On September 5, 2012, the United States Court of Appeals for the Second Circuit, in Christian Louboutin S.A. v. Yves Saint Laurent Am. Holding, Inc., No. 11-3303 (2d Cir. 2012), held that a single color can be used as a trademark in the fashion industry. The highly anticipated ruling is a significant victory for the fashion industry and ensures that French designer Christian Louboutin has a valid and enforceable trademark on his contrasting red-soled shoes.
Since their introduction to the fashion world in 1992, Louboutin’s high-end shoes have become well known and recognizable for their bright, lacquered red bottom outsole. In 2008, the U.S. Patent and Trademark Office granted Louboutin a trademark in its “lacquered red sole on footwear” (the “Red Sole Mark”). In early 2011, Louboutin learned that competing French fashion house Yves Saint Laurent (“YSL”) was marketing and selling a “monochrome” line featuring one color on an entire shoe, including an all red shoe with a red insole, heel, upper and outsole. In April 2011, Louboutin filed trademark infringement, dilution, and unfair competition claims against YSL in the United States District Court for the Southern District of New York and sought a preliminary injunction to bar YSL from marketing and selling any shoes, including YSL’s monochrome red shoe, bearing outsoles in a shade of red similar to the Red Sole Mark. In response, YSL counterclaimed to cancel the Red Sole Mark on the grounds that it was not a protectable mark because it was merely “ornamental” and “functional.”
In August 2011, U.S. District Judge Victor Marrero denied the injunction and held that the Red Sole Mark was invalid because single color trademarks are inherently “functional” and can never serve as a
protectable trademark in the fashion industry. Judge Marrero noted that any commercial purposes that may support extending trademark protection to a single color “do not easily fit the unique characteristics and needs – the creativity, aesthetics, taste, and seasonal change – that define production of articles of fashion.” Additionally, Judge Marrero found that “allowing one artist or designer to appropriate an entire [color] shade . . . would unduly hinder not just commerce and competition, but art as well.”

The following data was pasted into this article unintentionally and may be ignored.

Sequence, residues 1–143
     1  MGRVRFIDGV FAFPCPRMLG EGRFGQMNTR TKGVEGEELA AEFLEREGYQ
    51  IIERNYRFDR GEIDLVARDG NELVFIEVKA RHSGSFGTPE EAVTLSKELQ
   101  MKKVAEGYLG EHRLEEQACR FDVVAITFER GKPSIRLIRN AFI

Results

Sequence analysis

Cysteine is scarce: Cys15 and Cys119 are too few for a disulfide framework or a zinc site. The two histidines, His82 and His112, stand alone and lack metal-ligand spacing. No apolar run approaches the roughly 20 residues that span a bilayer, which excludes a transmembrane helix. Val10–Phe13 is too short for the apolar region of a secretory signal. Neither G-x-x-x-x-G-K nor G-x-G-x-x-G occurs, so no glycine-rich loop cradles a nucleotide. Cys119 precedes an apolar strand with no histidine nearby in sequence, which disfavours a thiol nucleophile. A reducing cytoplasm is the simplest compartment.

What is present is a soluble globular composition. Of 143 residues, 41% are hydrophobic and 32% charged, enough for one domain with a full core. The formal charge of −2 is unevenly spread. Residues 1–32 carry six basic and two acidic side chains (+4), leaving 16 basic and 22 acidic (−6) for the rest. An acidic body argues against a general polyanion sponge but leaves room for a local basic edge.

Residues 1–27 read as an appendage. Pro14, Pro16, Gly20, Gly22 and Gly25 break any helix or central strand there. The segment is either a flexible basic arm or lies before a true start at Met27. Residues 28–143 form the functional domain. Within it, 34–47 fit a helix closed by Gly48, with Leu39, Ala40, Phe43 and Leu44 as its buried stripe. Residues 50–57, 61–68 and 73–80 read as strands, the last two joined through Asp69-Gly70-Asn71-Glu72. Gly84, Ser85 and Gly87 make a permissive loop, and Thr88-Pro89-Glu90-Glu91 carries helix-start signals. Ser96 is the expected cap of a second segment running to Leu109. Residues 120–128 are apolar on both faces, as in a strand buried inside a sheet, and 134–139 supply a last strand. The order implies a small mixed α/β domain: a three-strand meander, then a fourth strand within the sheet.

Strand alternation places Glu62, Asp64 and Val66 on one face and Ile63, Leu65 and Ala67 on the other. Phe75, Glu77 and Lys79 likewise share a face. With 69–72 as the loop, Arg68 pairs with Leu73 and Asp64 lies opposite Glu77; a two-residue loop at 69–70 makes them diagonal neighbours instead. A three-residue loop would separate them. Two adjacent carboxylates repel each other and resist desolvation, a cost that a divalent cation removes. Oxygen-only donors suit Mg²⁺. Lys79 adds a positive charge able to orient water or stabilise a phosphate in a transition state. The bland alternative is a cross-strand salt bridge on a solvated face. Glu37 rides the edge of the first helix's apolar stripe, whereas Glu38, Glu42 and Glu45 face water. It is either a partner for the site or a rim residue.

On appeal, the Second Circuit disagreed and held that Judge Marrero’s per-se rule that a single color can never serve as a trademark in the fashion industry is inconsistent with the Supreme Court’s decision
in Qualitex Co. v. Jacobson Products Co., 514 U.S. 159, 162 (1995), which held that single colors alone can sometimes serve as valid trademarks. Indeed, single color trademarks have been protected for years where the trademark holder can show that consumers associate the color with their brand or service, as opposed to finding it merely to be decorative or visually pleasing (e.g., Tiffany blue box, Owens-Corning pink fiberglass insulation). The Second Circuit found that the Qualitex decision requires an “individualized, fact-based inquiry” into whether consumers associate the single color with the trademark holder’s brand or service. Further, the Second Circuit held that the “functionality” defense is an affirmative defense that courts must consider only after determining whether the trademark merits protection.
Turning to the Red Sole Mark, the Second Circuit analyzed Louboutin’s advertising expenditures, media coverage, and sales success, as well as consumer surveys submitted by both parties, and held that Louboutin’s red soles have acquired limited “secondary meaning” as a distinctive symbol that identifies the Louboutin brand only when used as a red outsole “contrasting with the remainder of the shoe.” The Second Circuit ordered the U.S. Patent and Trademark Office to modify the Red Sole Mark to apply to situations only where the red lacquered outsole contrasts with the upper of the shoe. Accordingly, the Second Circuit upheld Judge Marrero’s denial of the preliminary injunction as to the YSL monochrome red shoe because “the red sole on YSL’s monochrome shoe is neither a use of, nor confusingly similar to, the red-sole mark.”
The ruling offers relief to the fashion industry in ensuring that unconventional uses of color as a brand and source identifier will stay protected, at least where secondary meaning exists. Additionally, the Second Circuit’s decision also provides useful guidance for competitors to offer competing products utilizing such colors without infringing color trademarks.